Alan Cumming plays the town’s mayor with a great deal of flamboyance. This prompts Melissa to ask in the second episode if he’s gay (as in homosexual). He responds that he’s gay as can be, but since this is a 1950s musical world, at least in these first two episodes, he means “gay” in its original context as “happy.” The innuendo, however, results in a positive, albeit satirical, take on a homosexual character.

The first two episodes have minimal foul language. So, the first is rated TV-PG, but the second episode is rated TV-14 for some sexual innuendoes in two songs. The innuendoes are light enough to escape younger viewers, perhaps, but older viewers will understand them. Also, in the first episode, after their first date together, Josh and Melissa tumble onto a bed and start kissing in one quick scene. At the beginning of Episode 2, titled “Lovers’ Spat,” they appear in bed after that first night together and discuss whether this is going to be just a one-night stand or the beginning of a longer relationship.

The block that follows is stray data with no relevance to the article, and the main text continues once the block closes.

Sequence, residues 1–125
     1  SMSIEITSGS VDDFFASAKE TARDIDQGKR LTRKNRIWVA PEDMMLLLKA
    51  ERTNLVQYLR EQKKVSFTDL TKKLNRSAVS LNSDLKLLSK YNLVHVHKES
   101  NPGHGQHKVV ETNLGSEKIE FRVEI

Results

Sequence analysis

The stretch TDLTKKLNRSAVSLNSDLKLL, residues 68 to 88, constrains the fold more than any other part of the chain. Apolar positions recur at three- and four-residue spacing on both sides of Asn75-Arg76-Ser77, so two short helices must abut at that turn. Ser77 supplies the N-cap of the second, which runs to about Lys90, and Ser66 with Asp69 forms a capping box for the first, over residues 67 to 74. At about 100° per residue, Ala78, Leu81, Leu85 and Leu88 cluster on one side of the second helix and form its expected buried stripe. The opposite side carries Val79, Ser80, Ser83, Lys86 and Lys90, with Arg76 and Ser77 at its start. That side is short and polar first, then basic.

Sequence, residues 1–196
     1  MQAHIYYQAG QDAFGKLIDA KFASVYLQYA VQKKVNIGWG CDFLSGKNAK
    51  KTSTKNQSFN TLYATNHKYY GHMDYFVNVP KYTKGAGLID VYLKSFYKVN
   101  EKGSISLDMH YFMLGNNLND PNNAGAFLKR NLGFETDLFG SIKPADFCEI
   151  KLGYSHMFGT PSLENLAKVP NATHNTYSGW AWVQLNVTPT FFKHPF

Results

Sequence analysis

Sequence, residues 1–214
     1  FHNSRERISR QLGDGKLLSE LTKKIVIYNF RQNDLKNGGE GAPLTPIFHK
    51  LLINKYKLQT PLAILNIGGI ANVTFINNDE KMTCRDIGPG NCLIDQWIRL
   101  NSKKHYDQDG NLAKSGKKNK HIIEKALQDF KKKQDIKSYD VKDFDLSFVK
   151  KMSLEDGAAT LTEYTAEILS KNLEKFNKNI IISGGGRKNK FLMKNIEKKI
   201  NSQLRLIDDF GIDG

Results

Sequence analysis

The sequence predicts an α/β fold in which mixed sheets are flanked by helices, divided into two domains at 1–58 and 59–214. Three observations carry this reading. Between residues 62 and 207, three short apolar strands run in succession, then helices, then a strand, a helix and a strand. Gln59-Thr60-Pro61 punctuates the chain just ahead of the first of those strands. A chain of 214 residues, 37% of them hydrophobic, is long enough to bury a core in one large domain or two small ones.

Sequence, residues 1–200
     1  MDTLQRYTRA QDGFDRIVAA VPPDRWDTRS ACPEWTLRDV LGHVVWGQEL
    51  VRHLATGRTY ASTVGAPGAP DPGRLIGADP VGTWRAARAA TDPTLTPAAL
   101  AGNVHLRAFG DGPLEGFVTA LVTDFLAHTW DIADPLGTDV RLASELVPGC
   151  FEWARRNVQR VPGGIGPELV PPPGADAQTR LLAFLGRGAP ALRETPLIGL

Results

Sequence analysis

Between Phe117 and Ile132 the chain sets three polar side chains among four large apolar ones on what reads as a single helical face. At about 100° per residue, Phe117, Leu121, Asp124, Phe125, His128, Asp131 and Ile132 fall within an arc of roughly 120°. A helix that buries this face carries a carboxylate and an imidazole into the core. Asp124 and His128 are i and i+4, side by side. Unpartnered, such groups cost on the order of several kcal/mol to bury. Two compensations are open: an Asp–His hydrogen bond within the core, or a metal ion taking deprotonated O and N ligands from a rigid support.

If it keeps up the quality level, SCHMIGADOON! may well win some awards. However, MOVIEGUIDE® advises extreme caution for the first two episodes because of their politically correct depiction of the town preacher’s wife and their sexual innuendoes.

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About The Author

MOVIEGUIDE® was founded in 1985 by Dr. Ted Baehr, past president of the Episcopal Radio & Television Foundation and former director of the Television Center at the City University of New York. MOVIEGUIDE® is affiliated with the Christian Film & Television Commission® ministry (CFTVC). Both MOVIEGUIDE® and CFTVC are dedicated to redeeming the values of the entertainment industry, according to biblical principles, by influencing industry executives and artists and by informing and educating the public about the influence of the entertainment media and about how to train their families to become